You’ve known you wanted to be a PT since you were 14? How was that? Shouldn’t you have been out playing ball or something like that?

 

I know, weird, isn’t it. But I was 100% sure that I wanted to be a PT, and it seemed completely normal to me at the time. In hindsight, it made sense for three main reasons.

 

I myself didn’t even know the reason behind the first reason until after I had finished PT school. At that time my mom let me know that when I was an infant she experienced an unspeakable tragedy in my presence. She didn’t respond to the tragedy with anger or hate. Instead, she chose love and forgiveness. Being her first born son, that was only six months old at the time of the incident, I was brought along on that journey. I went along for the ride and internalized all of those messages, which made up my childhood. This did result in me briefly considering things like being a priest or a monk, and although ultimately I decided against them, it was set deep inside me that I would do something that would do only good and and not do any harm or bad for humanity. 

 

The other key parts of the story were a result of time and place.

 

The time was the late 60’s and all of the 70’s. This is when I started to come into my own, and it was a bit of a thing to be “organic” or natural. I dove all the way into that world. For a minute I thought I might be a naturopath, until I looked into the Yellow Pages and saw that there was only one of them in the whole state. That put an end to that thought. But still, the field had narrowed to something that would do good, and be natural and healthy too.

 

The next element was the place, which was Chicago, specifically the “South Side” and later the Southwest suburbs. Kids were tougher there, or at least they acted that way. As a young boy what was valued or cool (at least outside of my home) was being tough, or at least athletic. I was neither, until I reached age 12 or so, at which time I became a bit strong and somewhat decent at football. Not great but good enough. What I was naturally good at was math and science, and my dad had a business that was in the tech world, and we knew that was the future. But becoming athletic was cool, became my passion, and I attacked it accordingly by soaking up and learning everything I could to become faster, quicker, stronger, and fitter. I’ll never forget that during freshman year in high school mine was the only name on the library card for the one library book on Kinesiology. I really did attack it becoming athletic, and fit, and centered, via mind and body. And because of the “organic” part and my mom’s influence, soul too. Meditating, focusing, General psychology, sports psychology. Eastern religions. Then “Mind/Body/Soul”. Power lifting. Yoga. Nutrition, supplementation (no drugs though!). Quinoa and vegetarianism. Enzymes. Yoga, Plyometrics. Pilates. Feldenkrais. Biathlon. 10 K’s. Meditation. Kinesiology, Anatomy, Physiology, research and statistics. Learning to tell the difference between what was marketed well and would become a fad, vs something that held promise and was likely to work, and for whom. Anatomy and physiology again. And again. And then tutoring anatomy and physiology in undergrad And tutoring them again in PT school. Dr. Steven J. Rose. Shirley Sarhmann. Tony Delitto. Stanley Paris. Joe Godges. Stats. Research. More stats. Certification after Certification. 50 or so continuing education classes. Signing the first lease, 10 year anniversary. 20 year anniversary. Learning to bill insurance and fight insurance (and learning to accept when you lose). Mentoring at my clinic and at USC. Alison Hanson. Mike Andersen. Mia Katzel. Cindy Liang. Chris Kwon. Marriages for some of them, kids for some of them too. The Physical Therapyworks Residency. The USC Residency. Serving on boards...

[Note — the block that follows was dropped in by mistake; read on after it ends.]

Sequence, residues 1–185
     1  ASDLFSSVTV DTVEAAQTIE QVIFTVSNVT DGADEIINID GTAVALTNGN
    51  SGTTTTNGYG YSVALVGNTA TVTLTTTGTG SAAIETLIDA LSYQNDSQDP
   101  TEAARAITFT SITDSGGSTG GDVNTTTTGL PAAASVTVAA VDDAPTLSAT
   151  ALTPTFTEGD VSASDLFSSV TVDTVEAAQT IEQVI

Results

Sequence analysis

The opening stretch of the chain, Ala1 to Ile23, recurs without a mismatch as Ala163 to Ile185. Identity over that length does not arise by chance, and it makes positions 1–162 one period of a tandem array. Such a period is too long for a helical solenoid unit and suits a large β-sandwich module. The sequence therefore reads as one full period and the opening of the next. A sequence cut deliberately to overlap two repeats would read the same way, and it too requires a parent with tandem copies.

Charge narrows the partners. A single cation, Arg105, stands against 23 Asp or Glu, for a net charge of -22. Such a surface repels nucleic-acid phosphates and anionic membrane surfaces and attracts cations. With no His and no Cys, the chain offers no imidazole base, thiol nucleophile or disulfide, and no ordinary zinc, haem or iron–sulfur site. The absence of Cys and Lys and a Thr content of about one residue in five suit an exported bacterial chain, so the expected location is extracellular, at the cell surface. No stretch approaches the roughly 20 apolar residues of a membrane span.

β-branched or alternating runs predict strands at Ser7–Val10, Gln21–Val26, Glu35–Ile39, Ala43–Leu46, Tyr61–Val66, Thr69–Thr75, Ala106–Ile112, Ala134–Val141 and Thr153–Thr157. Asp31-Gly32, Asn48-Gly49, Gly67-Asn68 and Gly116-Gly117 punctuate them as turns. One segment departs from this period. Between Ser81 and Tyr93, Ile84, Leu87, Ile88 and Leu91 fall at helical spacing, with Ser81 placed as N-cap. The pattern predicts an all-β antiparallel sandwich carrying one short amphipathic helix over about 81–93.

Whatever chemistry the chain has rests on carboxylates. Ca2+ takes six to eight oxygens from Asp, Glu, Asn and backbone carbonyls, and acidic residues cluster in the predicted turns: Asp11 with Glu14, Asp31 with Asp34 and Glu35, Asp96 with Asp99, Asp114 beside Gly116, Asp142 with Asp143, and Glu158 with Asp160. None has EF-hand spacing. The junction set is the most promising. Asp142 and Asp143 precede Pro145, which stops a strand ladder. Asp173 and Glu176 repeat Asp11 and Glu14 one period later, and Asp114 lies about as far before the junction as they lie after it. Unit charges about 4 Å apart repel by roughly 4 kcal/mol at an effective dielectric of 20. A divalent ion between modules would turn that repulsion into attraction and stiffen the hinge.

To me PT is an accumulation of ways to find peace, joy, power, happiness. It's any and all methods,  but we use science and our expertise to determine and know what works best with whom, at whatever point in time.

 

That’s how the journey started, and 43 years later From an Absolute Beginner, to veteran with beginners mind. The journey continues– except for writing this now – I haven’t looked back.

THE CLINIC

719 Santa Monica Blvd

Santa Monica, CA 90401

tel:  310 260 9039

fax: 310 260 1091

info@physicaltherapyworks.com

Mon -Fri: 8am -7:30pm

Saturday: Closed

​​Sunday: Closed

CONTACT

© 2019 by John Dravillas. Proudly created with Wix.com